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Features - February 2000 - A guide to RAS
ComCat offers a guide to choosing between proprietary RAS box or open RAS solution

IBM’s tele-cottage experiment suggested that in order for companies to cut overheads it was not vital for everyone to work from their office desk. Some companies today operate a process of ‘hot-desking’ - whereby a worker could go to any ‘free’ desk in the company, plug their laptop into the corporate LAN with access to all documents, data and peripherals on the LAN. The tele-cottage principal proposed that it could be done from a series of shared smaller office buildings within an easy, short commute from home.But how is this possible?

The in-house RAS solution

The options are a closed box proprietary hardware and software, or an ‘open’ solution based on existing industry-standard hardware and o/s software such as NT. With Windows NT Server 4.0, RAS allows multi-link channel aggregation, enabling desktop clients dialling in (on an ISDN Basic Rate line) to combine two or more ISDN B channels to achieve speeds of 128kbps or greater. NT Server 4.0 also contains Point-to-Point Tunnelling Protocol (PPTP), allowing users the cheaper choice of using the Internet as a virtual private network (VPN) to reduce erstwhile expensive long-distance dial-up calls to cheap local calls. RAS is a sub-set of RRAS (RRAS adds routing to RAS).

It is also possible to provide remote access for a number of employees and possibly also certain business partners, customers or suppliers with a proprietary RAS ‘box’ or an ‘open’ RAS solution.

Proprietary RAS box vs. open RAS solution?

As with any proprietary vs. open solution, you have to carefully consider whether the in-house IT/IS expertise and resources are sufficient to cope with setting up your own in-house RAS solution – or whether you would rather buy in a turnkey bespoke proprietary solution. Of course historically, with specialist exceptions, the IT world has moved away from proprietary ‘locked-in’ solutions, to ‘open’ future-proofed solutions. Cost considerations include looking carefully at the cost of initial installation and the total cost of ownership (TCO). This should include any external consultancy costs and on-going service or maintenance contracts over time. Of course if you already have competent NT-qualified staff, then they should be able to rapidly and cost effectively exploit the RAS benefits of NT. You should also consider a tightly defined corporate policy on remote LAN access and information access.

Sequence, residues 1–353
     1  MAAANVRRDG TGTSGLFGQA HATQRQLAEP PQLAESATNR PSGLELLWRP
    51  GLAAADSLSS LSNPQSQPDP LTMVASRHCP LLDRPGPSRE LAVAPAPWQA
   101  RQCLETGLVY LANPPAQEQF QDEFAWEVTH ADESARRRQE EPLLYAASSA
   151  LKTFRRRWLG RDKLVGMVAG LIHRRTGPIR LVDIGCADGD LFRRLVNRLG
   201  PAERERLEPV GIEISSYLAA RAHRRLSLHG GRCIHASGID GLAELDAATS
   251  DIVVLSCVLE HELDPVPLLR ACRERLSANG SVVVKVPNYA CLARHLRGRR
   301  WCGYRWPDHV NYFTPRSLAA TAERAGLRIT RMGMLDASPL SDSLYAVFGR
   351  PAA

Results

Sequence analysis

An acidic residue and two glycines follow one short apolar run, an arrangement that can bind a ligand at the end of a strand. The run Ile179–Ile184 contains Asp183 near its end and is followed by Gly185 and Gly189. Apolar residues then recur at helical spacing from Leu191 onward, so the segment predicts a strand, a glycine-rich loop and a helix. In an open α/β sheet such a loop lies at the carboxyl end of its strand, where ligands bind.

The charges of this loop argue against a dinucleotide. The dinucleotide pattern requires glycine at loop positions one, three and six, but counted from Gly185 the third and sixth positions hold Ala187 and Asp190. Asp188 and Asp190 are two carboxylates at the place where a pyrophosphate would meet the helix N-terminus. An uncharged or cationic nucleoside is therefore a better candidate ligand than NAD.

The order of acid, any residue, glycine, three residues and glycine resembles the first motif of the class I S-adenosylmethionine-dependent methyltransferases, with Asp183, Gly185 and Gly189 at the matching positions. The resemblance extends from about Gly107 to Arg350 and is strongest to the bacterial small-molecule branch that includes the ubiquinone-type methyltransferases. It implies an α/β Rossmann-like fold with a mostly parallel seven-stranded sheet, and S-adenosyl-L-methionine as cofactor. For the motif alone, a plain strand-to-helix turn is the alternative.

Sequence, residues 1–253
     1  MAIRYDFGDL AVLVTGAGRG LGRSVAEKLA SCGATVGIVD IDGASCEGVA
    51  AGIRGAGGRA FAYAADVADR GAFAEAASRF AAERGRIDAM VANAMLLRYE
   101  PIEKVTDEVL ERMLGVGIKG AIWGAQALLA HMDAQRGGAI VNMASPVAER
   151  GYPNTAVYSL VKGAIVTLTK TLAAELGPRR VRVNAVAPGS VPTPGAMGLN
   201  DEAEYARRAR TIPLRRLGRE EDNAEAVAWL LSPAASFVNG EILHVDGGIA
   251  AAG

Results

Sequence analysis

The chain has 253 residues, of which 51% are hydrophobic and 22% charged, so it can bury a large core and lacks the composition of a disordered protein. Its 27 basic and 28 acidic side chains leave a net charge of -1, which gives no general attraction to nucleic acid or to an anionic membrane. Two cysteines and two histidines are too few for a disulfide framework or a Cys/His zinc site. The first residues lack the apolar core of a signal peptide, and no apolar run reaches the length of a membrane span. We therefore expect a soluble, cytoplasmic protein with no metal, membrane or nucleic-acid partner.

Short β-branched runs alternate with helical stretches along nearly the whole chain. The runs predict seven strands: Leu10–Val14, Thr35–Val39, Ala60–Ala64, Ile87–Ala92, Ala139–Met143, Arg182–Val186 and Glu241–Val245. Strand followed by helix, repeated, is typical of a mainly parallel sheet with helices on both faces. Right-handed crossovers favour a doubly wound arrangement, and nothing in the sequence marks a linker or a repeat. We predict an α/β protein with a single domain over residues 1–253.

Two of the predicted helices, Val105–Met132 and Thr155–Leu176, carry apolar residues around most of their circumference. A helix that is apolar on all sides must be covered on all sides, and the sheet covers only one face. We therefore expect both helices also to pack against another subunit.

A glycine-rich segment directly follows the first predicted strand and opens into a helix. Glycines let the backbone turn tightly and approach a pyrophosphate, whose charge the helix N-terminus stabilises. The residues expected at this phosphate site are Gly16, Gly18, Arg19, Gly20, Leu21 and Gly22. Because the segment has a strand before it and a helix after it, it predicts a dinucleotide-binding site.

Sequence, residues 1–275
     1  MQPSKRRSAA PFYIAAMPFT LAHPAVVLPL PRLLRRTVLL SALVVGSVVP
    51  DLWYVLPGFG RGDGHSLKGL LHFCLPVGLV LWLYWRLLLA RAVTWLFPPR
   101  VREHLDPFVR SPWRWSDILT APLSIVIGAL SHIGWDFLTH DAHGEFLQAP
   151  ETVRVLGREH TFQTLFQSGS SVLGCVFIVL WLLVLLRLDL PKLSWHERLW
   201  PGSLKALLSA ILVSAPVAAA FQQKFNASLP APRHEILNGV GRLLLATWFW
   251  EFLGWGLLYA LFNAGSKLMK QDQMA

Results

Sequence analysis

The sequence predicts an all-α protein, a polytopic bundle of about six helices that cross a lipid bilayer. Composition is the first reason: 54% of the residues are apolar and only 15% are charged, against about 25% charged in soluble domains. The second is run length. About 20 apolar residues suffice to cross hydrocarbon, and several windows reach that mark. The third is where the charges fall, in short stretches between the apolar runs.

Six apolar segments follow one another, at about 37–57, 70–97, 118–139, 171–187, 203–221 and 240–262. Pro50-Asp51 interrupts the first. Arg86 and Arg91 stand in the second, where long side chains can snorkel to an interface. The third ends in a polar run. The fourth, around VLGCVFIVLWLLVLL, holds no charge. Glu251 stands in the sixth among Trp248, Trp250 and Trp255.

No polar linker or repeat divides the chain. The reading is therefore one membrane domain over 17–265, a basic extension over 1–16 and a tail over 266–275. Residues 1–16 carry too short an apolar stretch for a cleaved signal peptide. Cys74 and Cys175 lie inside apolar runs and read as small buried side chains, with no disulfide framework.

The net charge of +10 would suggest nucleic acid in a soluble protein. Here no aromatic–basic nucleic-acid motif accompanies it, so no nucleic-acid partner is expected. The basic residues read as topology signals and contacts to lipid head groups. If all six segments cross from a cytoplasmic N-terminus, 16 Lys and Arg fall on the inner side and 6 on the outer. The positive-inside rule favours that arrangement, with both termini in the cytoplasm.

Those who will benefit are organisations with staff who need access to the central HQ’s LAN resources and data from regional offices, from a small-office-home-office (SOHO), from a hotel during travels, and suppliers or strategic partners. These include laptop users wanting GSM cellular phone connection to their HQ LAN, V.90 modem SOHO workers, and RRAS routers or proprietary ISDN routers for connecting at 64Kbps. Often a key driver for RAS is merely the ability for remote or travelling staff to access their emails - and faxes if you have a network fax server - off the corporate LAN. This improves customer service and responsiveness.

Deciding factors